SpaceX’s first manned rocket launch called off
Storm forces postponement with just 17 minutes left on countdownby Richard Waters
The attempt by Elon Musk’s SpaceX to become the first private company to lift humans into orbit was delayed on Wednesday as a storm system off the coast of Florida failed to clear in time for the scheduled late-afternoon launch.
The countdown was suspended with less than 17 minutes to go to the historic launch, forcing the company to postpone the mission until Saturday. SpaceX is attempting to become the first to take astronauts to the International Space Station on a privately owned and operated spaceship, ushering in a new age for commercial space travel.
President Donald Trump was on hand for the aborted launch, which would have ended a nine-year drought in human space flights from US soil. Since the Space Shuttle was retired in 2011, Nasa has been forced to buy seats on Russian rockets to take its astronauts to the International Space Station.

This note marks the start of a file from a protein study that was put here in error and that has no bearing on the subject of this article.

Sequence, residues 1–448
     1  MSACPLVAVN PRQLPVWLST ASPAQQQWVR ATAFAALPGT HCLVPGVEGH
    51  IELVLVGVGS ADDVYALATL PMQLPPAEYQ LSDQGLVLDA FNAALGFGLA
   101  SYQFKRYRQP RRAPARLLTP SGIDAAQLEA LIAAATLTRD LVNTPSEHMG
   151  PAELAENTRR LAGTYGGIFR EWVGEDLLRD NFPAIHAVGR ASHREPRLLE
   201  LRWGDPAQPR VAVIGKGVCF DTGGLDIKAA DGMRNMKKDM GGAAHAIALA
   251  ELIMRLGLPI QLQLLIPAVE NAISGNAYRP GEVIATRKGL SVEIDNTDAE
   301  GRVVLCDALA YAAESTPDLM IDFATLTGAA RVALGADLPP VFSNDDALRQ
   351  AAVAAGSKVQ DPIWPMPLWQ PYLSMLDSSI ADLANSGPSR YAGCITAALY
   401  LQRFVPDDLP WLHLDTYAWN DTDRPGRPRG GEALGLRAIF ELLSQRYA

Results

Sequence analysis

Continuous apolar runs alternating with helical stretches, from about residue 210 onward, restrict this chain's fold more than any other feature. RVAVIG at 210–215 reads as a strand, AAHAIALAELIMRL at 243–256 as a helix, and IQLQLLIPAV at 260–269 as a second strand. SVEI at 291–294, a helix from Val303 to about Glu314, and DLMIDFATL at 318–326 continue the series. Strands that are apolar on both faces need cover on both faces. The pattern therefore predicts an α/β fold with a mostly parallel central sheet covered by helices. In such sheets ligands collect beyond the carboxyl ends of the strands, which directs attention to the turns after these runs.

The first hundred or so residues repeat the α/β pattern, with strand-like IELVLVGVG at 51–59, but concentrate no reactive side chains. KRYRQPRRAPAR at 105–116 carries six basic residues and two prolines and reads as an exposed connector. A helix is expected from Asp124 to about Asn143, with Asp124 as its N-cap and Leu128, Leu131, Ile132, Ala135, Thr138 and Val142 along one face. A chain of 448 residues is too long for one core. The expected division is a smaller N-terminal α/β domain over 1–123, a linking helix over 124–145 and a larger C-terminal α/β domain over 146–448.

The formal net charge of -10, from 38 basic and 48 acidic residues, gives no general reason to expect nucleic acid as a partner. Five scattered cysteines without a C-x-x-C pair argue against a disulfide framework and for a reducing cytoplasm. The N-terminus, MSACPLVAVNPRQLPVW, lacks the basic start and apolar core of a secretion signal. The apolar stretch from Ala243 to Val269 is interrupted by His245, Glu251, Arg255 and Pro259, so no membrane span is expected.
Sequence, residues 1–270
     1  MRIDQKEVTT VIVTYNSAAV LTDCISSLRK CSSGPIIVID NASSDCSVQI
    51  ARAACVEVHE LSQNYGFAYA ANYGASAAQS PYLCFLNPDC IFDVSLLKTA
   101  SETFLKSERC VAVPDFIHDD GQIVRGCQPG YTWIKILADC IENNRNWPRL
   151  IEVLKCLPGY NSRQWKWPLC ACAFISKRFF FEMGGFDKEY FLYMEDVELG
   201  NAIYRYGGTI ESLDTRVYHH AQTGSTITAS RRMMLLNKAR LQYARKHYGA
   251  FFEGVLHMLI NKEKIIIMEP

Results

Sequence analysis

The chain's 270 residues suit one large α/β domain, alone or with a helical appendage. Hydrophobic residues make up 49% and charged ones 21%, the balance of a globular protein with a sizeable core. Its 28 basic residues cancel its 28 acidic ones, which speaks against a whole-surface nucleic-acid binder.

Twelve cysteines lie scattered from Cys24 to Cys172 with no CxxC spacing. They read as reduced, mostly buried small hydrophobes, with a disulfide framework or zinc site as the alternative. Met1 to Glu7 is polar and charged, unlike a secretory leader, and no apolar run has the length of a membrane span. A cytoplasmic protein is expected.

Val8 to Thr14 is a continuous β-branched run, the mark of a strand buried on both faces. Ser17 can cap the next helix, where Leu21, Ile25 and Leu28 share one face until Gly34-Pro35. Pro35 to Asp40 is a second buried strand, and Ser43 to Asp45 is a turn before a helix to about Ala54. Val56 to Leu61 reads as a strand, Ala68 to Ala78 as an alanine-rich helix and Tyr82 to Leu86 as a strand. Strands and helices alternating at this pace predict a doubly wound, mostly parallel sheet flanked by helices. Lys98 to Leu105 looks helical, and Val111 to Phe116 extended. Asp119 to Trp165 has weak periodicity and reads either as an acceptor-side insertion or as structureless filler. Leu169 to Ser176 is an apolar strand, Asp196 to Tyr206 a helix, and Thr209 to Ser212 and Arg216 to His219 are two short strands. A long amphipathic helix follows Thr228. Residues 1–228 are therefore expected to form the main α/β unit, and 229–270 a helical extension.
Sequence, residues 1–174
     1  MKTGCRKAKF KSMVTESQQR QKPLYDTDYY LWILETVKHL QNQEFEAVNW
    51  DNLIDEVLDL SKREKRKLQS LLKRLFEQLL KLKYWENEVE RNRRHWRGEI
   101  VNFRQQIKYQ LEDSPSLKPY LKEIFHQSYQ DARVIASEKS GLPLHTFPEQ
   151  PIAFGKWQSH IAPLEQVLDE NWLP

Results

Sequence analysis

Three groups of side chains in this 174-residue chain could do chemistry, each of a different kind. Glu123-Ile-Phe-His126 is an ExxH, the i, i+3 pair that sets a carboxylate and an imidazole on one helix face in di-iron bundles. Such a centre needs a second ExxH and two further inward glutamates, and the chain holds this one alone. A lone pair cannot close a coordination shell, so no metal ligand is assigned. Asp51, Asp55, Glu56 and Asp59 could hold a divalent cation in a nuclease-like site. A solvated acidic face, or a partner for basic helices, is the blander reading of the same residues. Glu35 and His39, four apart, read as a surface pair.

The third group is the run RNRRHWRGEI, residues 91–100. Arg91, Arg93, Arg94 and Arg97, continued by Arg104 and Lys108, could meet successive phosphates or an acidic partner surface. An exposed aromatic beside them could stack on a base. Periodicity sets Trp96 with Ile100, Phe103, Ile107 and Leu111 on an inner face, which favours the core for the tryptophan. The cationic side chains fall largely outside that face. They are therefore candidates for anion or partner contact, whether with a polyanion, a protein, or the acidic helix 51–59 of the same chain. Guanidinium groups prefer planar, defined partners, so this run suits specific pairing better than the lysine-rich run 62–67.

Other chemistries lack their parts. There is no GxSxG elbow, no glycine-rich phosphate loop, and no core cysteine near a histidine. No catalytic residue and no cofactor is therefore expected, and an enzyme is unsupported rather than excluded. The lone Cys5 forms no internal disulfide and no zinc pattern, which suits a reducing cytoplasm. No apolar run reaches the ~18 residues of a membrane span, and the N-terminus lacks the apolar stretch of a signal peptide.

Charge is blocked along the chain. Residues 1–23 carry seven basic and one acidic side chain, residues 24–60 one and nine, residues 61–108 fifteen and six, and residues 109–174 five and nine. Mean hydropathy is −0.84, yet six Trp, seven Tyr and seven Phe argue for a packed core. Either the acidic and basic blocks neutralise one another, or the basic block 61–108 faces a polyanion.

Nasa’s Bob Behnken and Doug Hurley will be the first astronauts due to fly in SpaceX’s Crew Dragon capsule. The mission, which has been reset for 3.22pm local time on Saturday, is scheduled to be the final test of the spaceship before it begins carrying paying passengers later this year. The capsule is due to dock with the International Space Station some 19 hours after launch, where the astronauts will spend up to 119 days before returning for a splashdown at sea.
If the mission is completed successfully, it will open the way to greater commercialisation of low earth orbit. The first customers are expected to be other government space programmes and private tourists.
Nasa has also given private space companies key roles in its next planned human landing on the moon, which the Trump administration has called for by 2024. SpaceX and Jeff Bezos’ Blue Origin were awarded contracts last month to do feasibility studies for moon landers.
Nasa is also planning to use private companies to build a “lunar gateway”, a space station orbiting the moon that can be used as a way-station for trips down to the lunar surface or to launch missions further out into the solar system.